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JLuna

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10-06-2016 10:34 AM

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I have the datasheet from a NTC (Negative Thermistor Coefficient) and I want to calculate the most approximate equation

that describes it's behaviour. The table has temperature and resistance values. So the resistance of the NTC varies depending on the temperature it detects. I've already tried the next:

- Excel: polynomial fitting

- Maple: polynomial fitting

- LabVIEW: Polynomial Fit.vi

I've been getting equations with a not very good approximate parameteres. I'm suspecting that this method "polynomial FIT" it's not the best method for this type of data/equation (being a nonlinear equation).

So has someone used the Nonlinear Fit.vi to approximate the behaviour of a dataset? If so, can you explain me how this VI works... I would really appreciate it.

Thanks in advance and I'll wait for your answer.

Solved! Go to Solution.

johnsold

Knight of NI

10-06-2016 10:41 AM

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I have not looked at your VI.

Any fitting process needs to start with an appropriate function. To get that you need to look at the physics of your system - in this case a thremistor. A simple search will show that the resistance-temperature relationship is not at all a polynomial. Specifically, the Steinhart-Hart equation is often used.

You may be able to fit the 3 parameters of that equation to your data table using Lev-Mar or something similar.

Lynn

GerdW

Knight of NI

10-06-2016 12:04 PM - edited 10-06-2016 12:06 PM

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Hi JLuna,

could you convert your VI to LV2014 and attach this version too? (This would allow me and others to actully examine your VI.)

Another approach, most often very easy with good results:

Put the resistance-temperature pairs into an array of points. Then use Interpolate1DArray to get the temperature from resistance reading:

(Replace my dummy data with you real data!)

One more approach: with NTC thermistors you usually get R0 and B values from datasheet. Then apply the formulas described at Wikipedia!

10-06-2016 12:07 PM

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i've just read about this equation. I didn't have notion of it's existance. Apparently it has 3 coefficients that can be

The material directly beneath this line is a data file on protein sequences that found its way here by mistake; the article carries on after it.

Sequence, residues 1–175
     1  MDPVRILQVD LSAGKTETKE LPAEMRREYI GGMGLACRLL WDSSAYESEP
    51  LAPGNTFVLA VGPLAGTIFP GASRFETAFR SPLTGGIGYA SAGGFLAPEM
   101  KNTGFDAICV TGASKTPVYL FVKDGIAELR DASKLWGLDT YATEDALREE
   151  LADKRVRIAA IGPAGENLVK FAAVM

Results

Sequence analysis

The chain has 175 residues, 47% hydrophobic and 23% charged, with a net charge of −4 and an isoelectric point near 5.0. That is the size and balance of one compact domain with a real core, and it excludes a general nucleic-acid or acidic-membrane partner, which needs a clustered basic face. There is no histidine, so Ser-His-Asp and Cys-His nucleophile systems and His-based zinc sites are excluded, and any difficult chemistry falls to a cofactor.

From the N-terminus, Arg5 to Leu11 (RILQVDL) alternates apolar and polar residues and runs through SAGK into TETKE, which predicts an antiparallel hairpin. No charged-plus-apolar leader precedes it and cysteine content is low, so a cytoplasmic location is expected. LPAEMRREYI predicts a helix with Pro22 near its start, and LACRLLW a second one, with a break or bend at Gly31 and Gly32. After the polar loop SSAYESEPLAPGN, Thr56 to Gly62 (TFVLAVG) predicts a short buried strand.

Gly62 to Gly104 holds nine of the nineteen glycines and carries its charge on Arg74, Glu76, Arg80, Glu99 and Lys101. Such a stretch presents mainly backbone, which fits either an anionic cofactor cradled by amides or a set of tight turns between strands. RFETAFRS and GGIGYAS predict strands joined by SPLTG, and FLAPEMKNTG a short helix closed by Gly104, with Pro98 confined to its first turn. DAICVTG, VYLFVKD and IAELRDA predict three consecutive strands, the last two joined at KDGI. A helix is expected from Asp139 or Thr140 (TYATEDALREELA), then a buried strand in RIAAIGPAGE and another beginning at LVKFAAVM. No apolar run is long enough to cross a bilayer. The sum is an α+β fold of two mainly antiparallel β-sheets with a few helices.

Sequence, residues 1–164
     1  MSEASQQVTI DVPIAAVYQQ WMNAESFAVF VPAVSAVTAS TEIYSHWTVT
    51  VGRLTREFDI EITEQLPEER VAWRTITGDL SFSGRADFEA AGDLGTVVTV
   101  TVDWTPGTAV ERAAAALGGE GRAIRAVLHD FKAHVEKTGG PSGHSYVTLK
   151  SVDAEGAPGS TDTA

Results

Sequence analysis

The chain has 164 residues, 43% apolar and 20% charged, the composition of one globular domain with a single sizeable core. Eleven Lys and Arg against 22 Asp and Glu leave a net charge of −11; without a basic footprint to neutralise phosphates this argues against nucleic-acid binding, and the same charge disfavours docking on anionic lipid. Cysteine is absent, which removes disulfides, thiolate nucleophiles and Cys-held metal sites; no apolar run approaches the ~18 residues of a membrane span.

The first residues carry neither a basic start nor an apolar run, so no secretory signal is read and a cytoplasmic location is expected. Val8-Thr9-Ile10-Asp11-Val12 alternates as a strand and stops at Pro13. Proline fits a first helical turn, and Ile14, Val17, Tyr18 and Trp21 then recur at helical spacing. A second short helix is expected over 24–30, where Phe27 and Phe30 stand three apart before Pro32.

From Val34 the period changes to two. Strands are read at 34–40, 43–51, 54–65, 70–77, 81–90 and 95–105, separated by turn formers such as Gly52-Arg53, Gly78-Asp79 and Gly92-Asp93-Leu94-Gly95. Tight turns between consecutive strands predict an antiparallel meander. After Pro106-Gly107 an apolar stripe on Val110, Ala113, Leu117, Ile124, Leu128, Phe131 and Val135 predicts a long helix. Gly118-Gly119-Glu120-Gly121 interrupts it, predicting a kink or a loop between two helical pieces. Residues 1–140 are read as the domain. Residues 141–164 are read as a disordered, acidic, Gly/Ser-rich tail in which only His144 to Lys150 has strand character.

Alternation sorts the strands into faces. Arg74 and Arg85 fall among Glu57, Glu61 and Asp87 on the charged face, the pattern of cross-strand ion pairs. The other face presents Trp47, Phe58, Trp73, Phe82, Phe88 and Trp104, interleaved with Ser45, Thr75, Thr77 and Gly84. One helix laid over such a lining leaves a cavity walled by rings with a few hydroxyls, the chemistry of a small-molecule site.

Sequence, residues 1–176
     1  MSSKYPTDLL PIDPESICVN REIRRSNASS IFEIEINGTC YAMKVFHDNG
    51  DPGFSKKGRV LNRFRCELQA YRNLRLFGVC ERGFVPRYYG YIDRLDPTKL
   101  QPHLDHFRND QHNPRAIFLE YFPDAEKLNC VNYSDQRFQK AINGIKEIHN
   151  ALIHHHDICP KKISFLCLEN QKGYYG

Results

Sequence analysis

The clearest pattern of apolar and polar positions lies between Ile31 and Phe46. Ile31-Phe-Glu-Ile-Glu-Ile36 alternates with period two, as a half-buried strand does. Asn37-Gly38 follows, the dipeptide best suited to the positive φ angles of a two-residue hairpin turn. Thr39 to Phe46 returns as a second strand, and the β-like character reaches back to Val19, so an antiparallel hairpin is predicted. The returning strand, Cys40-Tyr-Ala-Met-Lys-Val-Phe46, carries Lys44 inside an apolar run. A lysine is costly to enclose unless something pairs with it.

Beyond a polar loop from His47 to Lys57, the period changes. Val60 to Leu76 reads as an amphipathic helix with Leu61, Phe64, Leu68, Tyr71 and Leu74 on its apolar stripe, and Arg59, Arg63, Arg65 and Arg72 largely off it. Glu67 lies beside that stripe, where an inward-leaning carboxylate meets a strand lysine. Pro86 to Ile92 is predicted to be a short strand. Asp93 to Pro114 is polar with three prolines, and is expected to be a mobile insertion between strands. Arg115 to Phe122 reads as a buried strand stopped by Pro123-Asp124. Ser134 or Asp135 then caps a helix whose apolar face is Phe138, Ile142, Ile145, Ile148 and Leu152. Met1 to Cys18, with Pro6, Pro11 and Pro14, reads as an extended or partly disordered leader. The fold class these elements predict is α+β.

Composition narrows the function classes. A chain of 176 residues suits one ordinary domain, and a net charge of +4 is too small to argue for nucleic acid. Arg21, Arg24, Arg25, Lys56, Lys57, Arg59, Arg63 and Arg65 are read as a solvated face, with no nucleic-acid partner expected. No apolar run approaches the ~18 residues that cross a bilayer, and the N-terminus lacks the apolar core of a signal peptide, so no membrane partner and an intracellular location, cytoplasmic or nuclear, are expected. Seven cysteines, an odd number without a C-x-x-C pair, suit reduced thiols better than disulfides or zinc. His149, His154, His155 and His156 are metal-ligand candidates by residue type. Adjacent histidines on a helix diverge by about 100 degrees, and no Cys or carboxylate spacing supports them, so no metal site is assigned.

calculated. In your post you mention:

"You may be able to fil 3 parameters of that equation to your data table using Lev-Mar or something similar".

And by "3 parameters" you mean, the coefficients that are needed to be calculated. If I'm interpretating this right, there

is a Nonlinear vi, that uses the method Lev-Mar. In this VI, it has an input called "initial parameters": Is this input referring to this parameters?

**I've never used this type of VI's so I'm having lots of questions...

Thanks for your answer!!

10-06-2016 12:28 PM

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Here is the 2014 version. I'll try that interpolating also... I'm a bit skeptical, because the "Interpolate 1D array"mentions to linearize the "y"values from your "x" values. But I'll give that a try also.

I just want to calculate en equation with a very low error. I dunno maybe at most, 2% error.

Thanks for your answer.

altenbach

Knight of NI

10-06-2016 01:14 PM

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A higher order polynomial is a nonlinear fit. If you use more normal fit option (just delete these misquided "bisquare" and "SVD for rank defficient ..." inputs!) and things look much better!

altenbach

Knight of NI

10-06-2016 01:20 PM - edited 10-06-2016 01:25 PM

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@altenbach wrote:A higher order polynomial is a nonlinear fit. If you use more normal fit option (just delete these misquided "bisquare" and "SVD for rank defficient ..." inputs!) and things look much better!

Here is a 6th order polynomial fit to the two datasets leaving the optional inputs disconnected. Seems good enough.

altenbach

Knight of NI

10-06-2016 01:22 PM

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But yes, if there is a suitable mathematical model with fewer paramters, you should use nonlinear fit.

10-06-2016 01:27 PM

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Can you display the six order equation for those two graphics.

I generated several equations using "Polynomial Fit" and using the calculated equations I substitute a new value of my choice, for

example 23.2. And watched how this equation delivered a similar value to the graphic. So, can you display the equations please?

altenbach

Knight of NI

10-06-2016 01:33 PM

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The equations are polynomials and the coefficients I found were:

32080.3

-1484.52

48.3516

-1.35193

0.0224839

-0.000180263

5.39565E-7

and for the lower set:

32080.3

-1484.52

48.3516

-1.35193

0.0224839

-0.000180263

5.39565E-7

Just put them into a DBL array and use polynomial evaluation to calculate the value for any desired x or array of x's.